So beware what you push into the public domain – information you communicate about your own products needs to be consistent across the web, client reports, marketing decks, factsheets and RFP responses, it needs to be accurate and it needs to be timely. There are firms that have excellent demonstrable risk-adjusted returns that are not winning mandates because they cannot provide demonstrable reassurance that they are in control of core activities within their firm, remember governance is the talk, stewardship is the walk.
This in turn is leading the heads of distributions and sales in asset management firms to demand more reliable and trustworthy data from operations. They have recognised that high quality information about their products can be used as a differentiator in winning new business, and that it positions them to deliver best in class client service which leads to higher levels of customer retention.
This data is directly used in the monthly and quarterly production cycles that serve their clients with regular updates on investments and power up the sales engines and related materials in the go-to-market side of the business.
But, surely investors are only interested in the risk-adjusted performance? Why would the quality of information in point-of-sale documentation or reporting influence an investor?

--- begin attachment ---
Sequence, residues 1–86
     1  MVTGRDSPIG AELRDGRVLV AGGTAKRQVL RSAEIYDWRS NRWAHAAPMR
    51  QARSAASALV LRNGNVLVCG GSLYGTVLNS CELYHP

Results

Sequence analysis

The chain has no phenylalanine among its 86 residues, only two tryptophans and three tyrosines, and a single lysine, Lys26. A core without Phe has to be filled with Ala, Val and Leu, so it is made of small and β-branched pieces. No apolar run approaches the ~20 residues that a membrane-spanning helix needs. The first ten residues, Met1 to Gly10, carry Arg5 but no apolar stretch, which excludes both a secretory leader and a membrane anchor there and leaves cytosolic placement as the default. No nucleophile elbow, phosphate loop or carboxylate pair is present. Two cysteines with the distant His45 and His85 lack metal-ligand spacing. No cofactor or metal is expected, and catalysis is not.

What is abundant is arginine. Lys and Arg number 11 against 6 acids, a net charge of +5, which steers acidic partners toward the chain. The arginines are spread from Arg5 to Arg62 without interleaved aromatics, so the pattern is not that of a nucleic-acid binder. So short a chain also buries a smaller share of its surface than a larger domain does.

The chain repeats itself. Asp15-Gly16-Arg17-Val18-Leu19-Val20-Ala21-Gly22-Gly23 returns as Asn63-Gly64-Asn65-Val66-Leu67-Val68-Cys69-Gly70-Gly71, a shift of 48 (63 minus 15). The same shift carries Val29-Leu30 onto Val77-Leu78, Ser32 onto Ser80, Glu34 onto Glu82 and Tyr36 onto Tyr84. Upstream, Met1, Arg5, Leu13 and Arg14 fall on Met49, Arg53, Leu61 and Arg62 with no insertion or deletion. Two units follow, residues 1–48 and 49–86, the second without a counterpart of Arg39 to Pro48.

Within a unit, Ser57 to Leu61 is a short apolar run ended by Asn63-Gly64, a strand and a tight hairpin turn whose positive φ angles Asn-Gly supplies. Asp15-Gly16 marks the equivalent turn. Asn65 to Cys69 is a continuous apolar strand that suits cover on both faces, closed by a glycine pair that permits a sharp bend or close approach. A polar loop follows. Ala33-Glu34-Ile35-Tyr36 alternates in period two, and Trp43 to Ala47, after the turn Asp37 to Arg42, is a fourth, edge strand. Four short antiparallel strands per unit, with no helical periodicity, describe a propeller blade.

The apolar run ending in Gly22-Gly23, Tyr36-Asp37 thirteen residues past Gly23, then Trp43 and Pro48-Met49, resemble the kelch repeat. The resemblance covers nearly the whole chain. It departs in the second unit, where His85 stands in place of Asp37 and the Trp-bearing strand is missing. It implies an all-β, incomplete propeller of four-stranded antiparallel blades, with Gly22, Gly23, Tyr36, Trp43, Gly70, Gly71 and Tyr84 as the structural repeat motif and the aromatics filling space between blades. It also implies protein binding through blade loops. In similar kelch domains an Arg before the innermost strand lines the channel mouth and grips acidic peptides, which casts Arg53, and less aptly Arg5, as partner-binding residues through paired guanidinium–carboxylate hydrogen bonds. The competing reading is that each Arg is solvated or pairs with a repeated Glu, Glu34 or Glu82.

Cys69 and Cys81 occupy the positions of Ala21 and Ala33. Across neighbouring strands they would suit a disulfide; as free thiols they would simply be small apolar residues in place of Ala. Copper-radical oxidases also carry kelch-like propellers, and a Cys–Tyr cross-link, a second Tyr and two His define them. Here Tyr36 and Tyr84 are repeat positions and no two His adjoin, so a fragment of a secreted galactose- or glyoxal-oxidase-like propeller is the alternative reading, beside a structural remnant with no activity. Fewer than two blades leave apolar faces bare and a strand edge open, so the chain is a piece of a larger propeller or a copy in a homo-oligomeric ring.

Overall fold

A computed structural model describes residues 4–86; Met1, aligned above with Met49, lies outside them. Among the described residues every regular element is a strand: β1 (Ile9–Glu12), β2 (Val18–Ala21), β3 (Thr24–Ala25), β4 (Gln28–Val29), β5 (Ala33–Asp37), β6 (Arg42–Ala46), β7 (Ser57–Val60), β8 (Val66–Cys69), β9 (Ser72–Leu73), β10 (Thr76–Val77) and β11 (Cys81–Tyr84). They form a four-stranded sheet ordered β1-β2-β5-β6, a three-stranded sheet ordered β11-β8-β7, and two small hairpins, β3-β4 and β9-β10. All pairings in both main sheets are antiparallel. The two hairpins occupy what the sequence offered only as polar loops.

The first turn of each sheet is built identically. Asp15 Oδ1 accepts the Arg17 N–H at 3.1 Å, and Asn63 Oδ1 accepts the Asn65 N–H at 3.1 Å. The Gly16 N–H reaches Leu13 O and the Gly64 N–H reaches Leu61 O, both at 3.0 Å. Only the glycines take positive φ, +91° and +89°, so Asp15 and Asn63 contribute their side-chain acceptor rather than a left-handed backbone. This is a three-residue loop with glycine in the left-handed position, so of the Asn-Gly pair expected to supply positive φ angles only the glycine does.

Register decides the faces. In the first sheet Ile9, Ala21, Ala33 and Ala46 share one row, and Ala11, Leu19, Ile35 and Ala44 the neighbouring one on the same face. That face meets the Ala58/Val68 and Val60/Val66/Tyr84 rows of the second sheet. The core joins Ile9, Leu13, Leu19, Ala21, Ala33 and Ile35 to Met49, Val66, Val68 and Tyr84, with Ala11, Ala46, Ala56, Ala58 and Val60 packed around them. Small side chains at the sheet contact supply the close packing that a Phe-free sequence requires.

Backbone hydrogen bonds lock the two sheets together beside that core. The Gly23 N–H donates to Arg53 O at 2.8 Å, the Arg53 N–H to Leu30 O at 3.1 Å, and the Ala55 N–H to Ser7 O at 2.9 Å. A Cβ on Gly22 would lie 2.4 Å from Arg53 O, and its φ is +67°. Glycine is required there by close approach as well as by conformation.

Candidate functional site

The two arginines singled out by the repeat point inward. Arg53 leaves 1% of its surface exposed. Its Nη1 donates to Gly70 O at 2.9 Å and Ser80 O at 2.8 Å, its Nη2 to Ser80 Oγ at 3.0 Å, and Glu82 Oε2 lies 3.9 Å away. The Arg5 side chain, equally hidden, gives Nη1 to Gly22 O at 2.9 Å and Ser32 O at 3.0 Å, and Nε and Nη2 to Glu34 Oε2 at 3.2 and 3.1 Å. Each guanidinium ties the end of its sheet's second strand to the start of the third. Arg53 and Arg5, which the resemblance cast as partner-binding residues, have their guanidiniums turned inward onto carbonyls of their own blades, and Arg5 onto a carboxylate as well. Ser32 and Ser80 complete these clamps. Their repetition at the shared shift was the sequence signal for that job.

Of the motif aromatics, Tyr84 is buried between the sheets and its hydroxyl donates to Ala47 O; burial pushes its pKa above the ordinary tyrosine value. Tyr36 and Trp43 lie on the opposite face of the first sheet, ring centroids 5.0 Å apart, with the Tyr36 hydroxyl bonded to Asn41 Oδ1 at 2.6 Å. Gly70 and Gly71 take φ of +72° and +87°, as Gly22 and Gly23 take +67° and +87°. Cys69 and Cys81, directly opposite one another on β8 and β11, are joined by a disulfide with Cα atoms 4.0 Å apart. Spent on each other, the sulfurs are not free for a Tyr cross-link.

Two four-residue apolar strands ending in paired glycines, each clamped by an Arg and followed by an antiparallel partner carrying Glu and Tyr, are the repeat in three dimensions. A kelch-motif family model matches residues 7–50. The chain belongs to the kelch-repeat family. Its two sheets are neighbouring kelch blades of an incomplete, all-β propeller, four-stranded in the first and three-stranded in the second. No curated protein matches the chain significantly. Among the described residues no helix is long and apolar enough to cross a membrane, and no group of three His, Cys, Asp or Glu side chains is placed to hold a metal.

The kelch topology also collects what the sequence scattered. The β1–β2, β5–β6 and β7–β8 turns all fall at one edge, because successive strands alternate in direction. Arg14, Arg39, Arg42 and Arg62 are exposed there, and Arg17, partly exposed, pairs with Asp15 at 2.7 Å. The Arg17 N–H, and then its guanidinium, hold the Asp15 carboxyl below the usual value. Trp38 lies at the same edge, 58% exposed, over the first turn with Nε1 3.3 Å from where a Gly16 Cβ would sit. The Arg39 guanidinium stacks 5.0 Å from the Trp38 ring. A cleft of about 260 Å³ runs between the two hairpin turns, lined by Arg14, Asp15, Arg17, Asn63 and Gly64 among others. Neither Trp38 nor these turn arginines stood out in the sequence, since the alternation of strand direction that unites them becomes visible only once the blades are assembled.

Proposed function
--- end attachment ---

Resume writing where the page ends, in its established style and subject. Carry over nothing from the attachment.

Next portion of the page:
The reality is that investors do not, and should not, use past performance as the sole criteria in their decision process any more – so many other factors are important. The same applies to distribution channels for funds - fund providers need to differentiate themselves from the pack.
So clearly the distribution channels want good products to sell, but they need good materials (and good information) to help them make their products stand out from the crowd.
They not only want good sales support materials though, they want them on time, and ideally, they want them before their competitors have theirs. They want to wow the investor with the breadth, depth, and timeliness of the information. They want to ensure that whatever they present matches 100% what the investor will find on the web.They want to use the latest technologies to deliver the information to the client – support for a touch screen tablet is the new must-have request from the field sales teams.
So, having a good product is a given. Having smart and exciting ways of delivering point-of-sale information to the potential investor is a given. The best product in the world, and the sexiest of sexiest tablets will be useless if the content you are delivering is late, limited or just plain bad.